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Eric Rohmer's Canvas
The Autumn Tale finds
a world of beauty in the lives of women.
Alan A. Stone
UNLIKE OTHER long-lived but more celebrated filmmakers-for example, Kurosawa,
Hitchcock, and Huston-Eric Rohmer has never made a film that stands on its
own as a masterpiece. Indeed, he has not even made the attempt. His modest
films come in groups organized around a general theme-Six Moral Fables,
Comedies and Proverbs, and now Tales of Four Seasons. Rohmer
is best known in America for My Night at Maud's (his only Oscar nomination)
and Claire's Knee, two parts of the Six Moral Fables, which
came out in 1969 and 1970. But Rohmer has since been unable to reach American
audiences, and certainly lacks the cachet of Claude Chabrol, Jean-Luc Godard,
Francois Truffaut, Alain Resnais, or Louis Malle-other French film-makers
of the so-called Nouvelle Vague who rebelled against "commercial"
film-making. Unlike these others, Rohmer is a conservative aesthete, interested
in the spiritual promise of ordinary human beings. He has been described as
a Catholic film-maker.
Rohmer is also a reclusive man, who spent the first eight years of his career
teaching literature in a lycée. In the 1950s he became editor of Cahiers
du Cinema, the magazine of film criticism that published the auteurs whose
theory and practice made the French Film Renaissance of the 1960s. Keeping
faith with those beginnings, Rohmer has written all his own screenplays. Those
artists wanted the audience to encounter the "auteur" who created
the film, not the studio that produced it, and Rohmer's films have the stamp
of his artistic personality.
Like Monet, Rohmer does not try to get everything into one work. It is difficult
to appreciate Monet's significance until you have seen a group of his paintings
or (better still) attended a major retrospective. Unfortunately for Rohmer
the practical obstacles of a film retrospective are such that he can never
expect to find a wider and more appreciative audience. Rohmer is the antithesis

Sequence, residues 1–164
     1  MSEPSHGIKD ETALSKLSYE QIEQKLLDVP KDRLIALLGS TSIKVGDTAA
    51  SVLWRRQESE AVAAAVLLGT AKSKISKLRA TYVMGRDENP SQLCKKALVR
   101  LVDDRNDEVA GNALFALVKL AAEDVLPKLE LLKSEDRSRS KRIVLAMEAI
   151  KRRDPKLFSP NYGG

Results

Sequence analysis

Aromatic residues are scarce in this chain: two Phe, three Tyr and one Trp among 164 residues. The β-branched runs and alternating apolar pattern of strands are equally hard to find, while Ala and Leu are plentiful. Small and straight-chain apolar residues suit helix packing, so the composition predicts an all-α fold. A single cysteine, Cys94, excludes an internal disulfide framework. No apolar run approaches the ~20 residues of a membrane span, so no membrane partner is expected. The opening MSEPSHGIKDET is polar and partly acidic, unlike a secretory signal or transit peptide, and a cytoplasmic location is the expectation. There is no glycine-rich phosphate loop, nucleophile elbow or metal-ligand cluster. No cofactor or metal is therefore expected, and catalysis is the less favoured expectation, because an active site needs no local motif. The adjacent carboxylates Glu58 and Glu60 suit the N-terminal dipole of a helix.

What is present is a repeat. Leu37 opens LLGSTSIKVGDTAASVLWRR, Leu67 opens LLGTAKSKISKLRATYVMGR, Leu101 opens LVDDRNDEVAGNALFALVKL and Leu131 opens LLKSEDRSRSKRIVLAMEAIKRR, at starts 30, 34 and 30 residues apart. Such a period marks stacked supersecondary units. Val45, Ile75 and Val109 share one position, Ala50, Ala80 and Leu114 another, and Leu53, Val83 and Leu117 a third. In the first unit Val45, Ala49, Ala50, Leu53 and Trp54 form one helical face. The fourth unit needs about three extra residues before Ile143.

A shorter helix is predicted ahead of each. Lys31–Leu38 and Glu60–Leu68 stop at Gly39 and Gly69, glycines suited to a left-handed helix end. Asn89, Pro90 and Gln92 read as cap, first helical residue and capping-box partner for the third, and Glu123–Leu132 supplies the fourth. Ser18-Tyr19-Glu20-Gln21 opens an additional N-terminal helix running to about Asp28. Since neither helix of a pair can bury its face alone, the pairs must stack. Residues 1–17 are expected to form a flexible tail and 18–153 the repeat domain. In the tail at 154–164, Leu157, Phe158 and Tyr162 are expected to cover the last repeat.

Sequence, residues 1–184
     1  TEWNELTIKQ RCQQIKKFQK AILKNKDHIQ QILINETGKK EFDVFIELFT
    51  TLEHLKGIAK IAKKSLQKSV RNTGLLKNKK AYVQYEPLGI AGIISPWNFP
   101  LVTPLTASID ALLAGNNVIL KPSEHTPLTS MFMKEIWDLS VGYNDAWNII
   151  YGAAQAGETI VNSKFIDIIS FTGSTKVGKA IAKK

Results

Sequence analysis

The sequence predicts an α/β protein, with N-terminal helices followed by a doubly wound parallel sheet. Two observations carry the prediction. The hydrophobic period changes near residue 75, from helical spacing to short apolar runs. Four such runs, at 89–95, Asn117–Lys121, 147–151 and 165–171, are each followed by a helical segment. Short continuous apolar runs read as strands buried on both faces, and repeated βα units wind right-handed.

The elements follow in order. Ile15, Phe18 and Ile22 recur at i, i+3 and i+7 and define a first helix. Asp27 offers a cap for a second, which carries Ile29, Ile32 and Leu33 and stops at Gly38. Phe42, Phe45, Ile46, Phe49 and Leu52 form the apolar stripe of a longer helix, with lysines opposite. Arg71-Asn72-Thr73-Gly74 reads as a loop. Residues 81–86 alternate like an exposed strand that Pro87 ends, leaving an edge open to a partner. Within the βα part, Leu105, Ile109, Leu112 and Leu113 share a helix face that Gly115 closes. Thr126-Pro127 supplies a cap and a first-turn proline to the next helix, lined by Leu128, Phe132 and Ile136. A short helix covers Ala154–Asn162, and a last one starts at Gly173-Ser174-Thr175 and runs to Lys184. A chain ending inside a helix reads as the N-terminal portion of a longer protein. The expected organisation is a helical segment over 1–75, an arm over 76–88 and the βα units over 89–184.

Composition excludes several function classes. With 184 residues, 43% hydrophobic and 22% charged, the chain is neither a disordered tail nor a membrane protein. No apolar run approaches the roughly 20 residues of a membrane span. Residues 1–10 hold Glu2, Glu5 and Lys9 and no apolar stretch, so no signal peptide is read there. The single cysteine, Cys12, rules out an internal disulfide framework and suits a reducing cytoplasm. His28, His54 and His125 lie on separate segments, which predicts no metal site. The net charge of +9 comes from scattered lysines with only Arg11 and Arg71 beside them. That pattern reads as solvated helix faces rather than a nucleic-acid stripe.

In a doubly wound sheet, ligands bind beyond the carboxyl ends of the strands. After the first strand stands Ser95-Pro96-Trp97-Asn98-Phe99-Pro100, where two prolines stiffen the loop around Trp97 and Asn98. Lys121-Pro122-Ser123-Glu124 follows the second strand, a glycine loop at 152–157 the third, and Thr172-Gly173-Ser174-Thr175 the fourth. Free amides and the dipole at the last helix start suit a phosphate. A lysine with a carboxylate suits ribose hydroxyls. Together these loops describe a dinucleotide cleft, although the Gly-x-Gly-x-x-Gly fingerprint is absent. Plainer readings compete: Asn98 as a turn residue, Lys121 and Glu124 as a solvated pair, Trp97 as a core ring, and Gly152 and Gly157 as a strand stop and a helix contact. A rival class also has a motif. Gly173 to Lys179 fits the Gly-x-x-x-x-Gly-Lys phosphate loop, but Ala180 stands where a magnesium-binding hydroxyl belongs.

of Hollywood: he does not work the demographics, his plots are not thrilling,
his pace is slow and leisurely, there is little sex or violence, and no aliens.
Nor has he hitched his wagon to a star: no Bardot, Moreau, or Deneuve. His
actresses are never larger than the women they portray. Film retrospectives
preach to the converted and Eric Rohmer does not have many American converts
(the quality of his work is lost on a small screen, so he is not likely to
be saved by video). People will not sit in the dark hour after hour for several
days until they realize that Rohmer is an extraordinary filmmaker who has
found a world of film in the lives of women, much as Monet found a world of
beauty in water lilies.
Rohmer's latest film, The Autumn Tale, is the last of his Tales
of Four Seasons, and it outshines its predecessors. The film earned best
screenplay at Cannes and it has more plot than most of Rohmer's films, which
often are no more than aperçus. It also powerfully illustrates Rohmer's
approach to filmmaking, which bears striking resemblance to the approach to
winemaking taken by Magali (Béatrice Romand), one of the female leads.
True to the French vintner's tradition, she treats winemaking as art, not
as industry. On the small parcel of land left to her by her parents, Magali
produces a local Côte du Rhône aimed at the connoisseur who, she
hopes, recognizes that it is as good as a Gigondas, and that if all goes well
it will age like a Burgundy. Such connoisseurs are rare, even in the Rhône
Valley. And, as Rohmer shows us in this film, even they may need a little
prompting. Like Magali, Rohmer seems more committed to his art than to his
The three women at the center of The Autumn Tale (Magali, Isabelle,
and Rosalie) are played by actresses you might expect to meet in real life
(Romand, Marie Rivière, Alexia Portal). Rivière makes it clear
that Rohmer does not choose his non-celebrity actresses so that he can push
them around. In an earlier film, The Green Ray, she was allowed so
much room to improvise that she earned a collaborative credit. But Rohmer
is not the cinema of improvisation: as auteur, he knows exactly where he wants
his films to go.
Much has been written about the "male gaze" of the director attempting
to penetrate the mystery of the female. That was the font and the limit of
Roger Vadim's creative talent as a filmmaker; he did it first with Bardot
in God Created Woman and later with Jane Fonda in Barbarella.
When he was not directing, he obsessively painted pictures of women masturbating-as
though he could master the female orgasm by objectifying it. Bergman and Fellini
were male gazers but in a class by themselves as filmmakers; their films were
self-reflexive about what they were doing.
Rohmer is quite unlike these other directors. His women are certainly revealed
in all of their vulnerability but he does not focus through the lens of sexuality.
He is interested in women the way Ibsen and Chekhov were: not in orgasms,